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Tiresias: The Ancient Mediterranean Religions Source Database

Plutarch, On Superstition, 166c

nanBut to the superstitious man it is possible to say, "The gift of sleep which the gods bestow on us as a time of forgetfulness and respite from our ills; why do you make this an everlastingly painful torture-chamber for yourself, since your unhappy soul cannot run away to some other sleep?" Heracleitus says that people awake enjoy one world in common, but of those who are fallen asleep each roams about in a world of his own. But the superstitious man enjoys no world in common with the rest of mankind; for neither when awake does he use his intelligence, nor when fallen asleep is he freed from his agitation, but his reasoning power is sunk in dreams, his fear is ever wakeful, and there is no way of escape or removal. Adespot much feared in Samos was Polycrates, as was Periander in Corinth, but nobody feared these men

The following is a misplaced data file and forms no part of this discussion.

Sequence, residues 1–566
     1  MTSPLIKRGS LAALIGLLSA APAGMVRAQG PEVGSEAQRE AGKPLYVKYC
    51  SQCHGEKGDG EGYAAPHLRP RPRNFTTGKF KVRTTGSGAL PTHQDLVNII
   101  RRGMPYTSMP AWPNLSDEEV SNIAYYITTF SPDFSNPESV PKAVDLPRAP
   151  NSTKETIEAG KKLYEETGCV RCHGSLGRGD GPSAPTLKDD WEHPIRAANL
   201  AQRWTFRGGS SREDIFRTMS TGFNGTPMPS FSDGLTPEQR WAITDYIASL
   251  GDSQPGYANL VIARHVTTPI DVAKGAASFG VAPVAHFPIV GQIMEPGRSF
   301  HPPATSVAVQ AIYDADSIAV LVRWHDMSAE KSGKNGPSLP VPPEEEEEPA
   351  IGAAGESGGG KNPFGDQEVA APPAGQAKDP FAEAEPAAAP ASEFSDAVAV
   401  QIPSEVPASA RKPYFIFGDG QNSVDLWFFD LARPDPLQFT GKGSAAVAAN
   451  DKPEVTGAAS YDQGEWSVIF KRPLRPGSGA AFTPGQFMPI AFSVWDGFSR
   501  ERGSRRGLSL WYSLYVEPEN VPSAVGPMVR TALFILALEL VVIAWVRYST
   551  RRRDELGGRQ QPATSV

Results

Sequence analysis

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daimonic cycle Neusner Green and Avery-Peck (2022) 160
plutarch Neusner Green and Avery-Peck (2022) 160
superstition' Neusner Green and Avery-Peck (2022) 160
world soul Neusner Green and Avery-Peck (2022) 160